Most of us do Google searches every day, and if you are anything like me you do them dozens of times a day. I don’t consider myself to be more inquisitive than the average bear, but I do find it convenient to have such a large honey pot of information at the touch of my fingertips. Have you ever wondered how Google decides which websites to rank specific websites and pages for search? You’re not the only one. Google did not give me insider information about how they rank websites, but I study search engine optimization (SEO) because I love it and I get paid for it.
Google SEO marketing is the practice of improving a website’s ranking for the keywords that the website owner wants it to when they do a search. In most industries the most important outlet for making money, attracting customers, and selling products is a website. When a business’ website does not rank well for competitive keywords people use to find the goods or services they provide they have a BIG problem. Google has a neat explanation of how search works here, but it is only meant to educate the novice about how a basic search works mechanically. Here’s the lowdown on Google’s biggest ranking factors for websites and the keywords that matter to it, followed by a brief explanation of each one.
There are many arguments about what makes a website a quality website. However, the general consensus is that a quality website is user friendly, properly tagged, functional and easy to navigate, easy on the eyes, and owned by a clear and reputable person or establishment. Quality websites are void of typos, load quickly, and have clean, organized designs and well planned URL structures. Also they do not have excessive keywords stuffed into their content, nor do they have gluttonous ads pasted all over the page. Put yourself in your buyers or potential clients’ shoes when looking at your website, then make adjustments that satisfy their needs first and foremost. After all, people are searching for answers to questions and needs both known and unanticipated. They pay your bills at the end of the day, so put some effort into the quality of your website’s content; it is the official online face of your business.
A website’s popularity is determined not just by how many times people view it (called page views in Google Analytics), or how many times it shows up in search results (impressions in Google Analytics). Their popularity is determined by how long people stay on the page when they view it (CTR), and if they engage with the website using a contact form or complete a transaction (conversion). The number of pages people click through while on your site and how quickly, called click through rate (CTR) is also a factor in determining popularity. The biggest popularity factors of a website are how many times it is clicked on, how many times (quality and relevant) links and mentions of it appear on the Internet, and the diversity and/or authority of individuals and referring sites who engage and interact with the website.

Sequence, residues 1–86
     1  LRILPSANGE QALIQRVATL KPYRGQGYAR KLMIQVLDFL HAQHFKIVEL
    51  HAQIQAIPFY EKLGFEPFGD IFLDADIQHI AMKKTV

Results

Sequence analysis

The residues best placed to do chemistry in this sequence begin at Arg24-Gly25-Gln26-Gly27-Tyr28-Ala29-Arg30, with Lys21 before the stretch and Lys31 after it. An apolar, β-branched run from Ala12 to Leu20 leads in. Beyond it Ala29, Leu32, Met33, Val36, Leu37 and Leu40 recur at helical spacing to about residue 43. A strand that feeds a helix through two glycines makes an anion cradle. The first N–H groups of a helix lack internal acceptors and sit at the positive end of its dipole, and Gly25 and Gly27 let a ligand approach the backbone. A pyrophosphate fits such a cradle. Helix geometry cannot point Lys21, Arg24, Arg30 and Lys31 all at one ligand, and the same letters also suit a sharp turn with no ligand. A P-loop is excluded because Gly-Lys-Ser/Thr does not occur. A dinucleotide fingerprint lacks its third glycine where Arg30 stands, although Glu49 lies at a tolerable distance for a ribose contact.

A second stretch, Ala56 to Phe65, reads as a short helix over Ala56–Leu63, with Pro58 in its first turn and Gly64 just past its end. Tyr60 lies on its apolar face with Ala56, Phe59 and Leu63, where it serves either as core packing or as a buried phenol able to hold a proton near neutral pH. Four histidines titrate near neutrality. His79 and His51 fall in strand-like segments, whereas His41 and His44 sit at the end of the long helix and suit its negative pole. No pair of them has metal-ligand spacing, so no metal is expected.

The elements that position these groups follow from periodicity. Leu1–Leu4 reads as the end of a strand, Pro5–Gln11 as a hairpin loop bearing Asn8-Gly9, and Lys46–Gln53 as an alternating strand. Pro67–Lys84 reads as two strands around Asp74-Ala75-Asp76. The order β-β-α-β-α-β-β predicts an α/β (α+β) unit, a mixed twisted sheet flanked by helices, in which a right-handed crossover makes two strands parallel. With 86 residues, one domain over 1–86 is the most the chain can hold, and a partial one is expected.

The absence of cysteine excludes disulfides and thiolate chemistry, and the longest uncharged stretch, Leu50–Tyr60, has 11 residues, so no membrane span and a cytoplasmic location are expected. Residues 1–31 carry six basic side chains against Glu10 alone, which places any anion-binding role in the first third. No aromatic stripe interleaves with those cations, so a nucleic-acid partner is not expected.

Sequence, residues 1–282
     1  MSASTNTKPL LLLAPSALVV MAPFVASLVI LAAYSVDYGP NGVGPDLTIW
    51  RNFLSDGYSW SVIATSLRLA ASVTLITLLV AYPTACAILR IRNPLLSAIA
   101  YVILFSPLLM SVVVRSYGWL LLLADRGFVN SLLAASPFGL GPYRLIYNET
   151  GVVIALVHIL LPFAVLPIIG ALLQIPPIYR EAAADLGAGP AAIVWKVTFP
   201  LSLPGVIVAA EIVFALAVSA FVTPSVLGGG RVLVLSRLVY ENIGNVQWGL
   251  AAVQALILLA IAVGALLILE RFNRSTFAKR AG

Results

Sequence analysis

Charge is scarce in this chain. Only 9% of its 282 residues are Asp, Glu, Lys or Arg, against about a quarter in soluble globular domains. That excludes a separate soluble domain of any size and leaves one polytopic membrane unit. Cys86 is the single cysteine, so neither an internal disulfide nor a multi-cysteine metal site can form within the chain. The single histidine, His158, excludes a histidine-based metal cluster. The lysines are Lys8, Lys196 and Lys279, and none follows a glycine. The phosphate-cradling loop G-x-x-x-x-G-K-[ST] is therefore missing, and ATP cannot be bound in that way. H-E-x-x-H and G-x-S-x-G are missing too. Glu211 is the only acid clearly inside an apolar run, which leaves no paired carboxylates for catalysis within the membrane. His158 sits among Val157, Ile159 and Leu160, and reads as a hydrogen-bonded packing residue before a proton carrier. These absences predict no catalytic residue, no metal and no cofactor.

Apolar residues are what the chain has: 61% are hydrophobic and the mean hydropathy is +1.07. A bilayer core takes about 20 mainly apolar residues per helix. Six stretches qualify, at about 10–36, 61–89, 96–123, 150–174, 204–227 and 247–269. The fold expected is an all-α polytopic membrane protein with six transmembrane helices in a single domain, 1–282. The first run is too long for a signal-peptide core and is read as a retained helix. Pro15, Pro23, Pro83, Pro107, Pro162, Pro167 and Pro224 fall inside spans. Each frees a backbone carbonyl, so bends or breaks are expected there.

Titles, Tags, and Descriptions
Without getting too technical, I will just say that each page on your website has a title, tags, and a description that shows up in search engines. When people perform a search with keywords that are in these parts of your website, it is likely that they will rank for them (but not guaranteed). Tags are pretty self explanatory. Each website and webpage has tags inserted into it that let search engines like Google know what the page is specifically about. These tags give Google a either a gentle nudge or a detailed description, the latter letting it know that this website should rank when users type in related keywords.
This sounds odd I know, but freshness just means how fresh the content on the website is. Is it an old blog post from 2005, or is it a website with a new page added and a constantly updated blog. If a page is updated regularly, it is seen to Google and other search engines as a site that is concerned with giving users what they need. It shows Google that you care about the content on your website and are constantly striving to make it better and current. It also signals search engines to show your website above others with similar, stale content.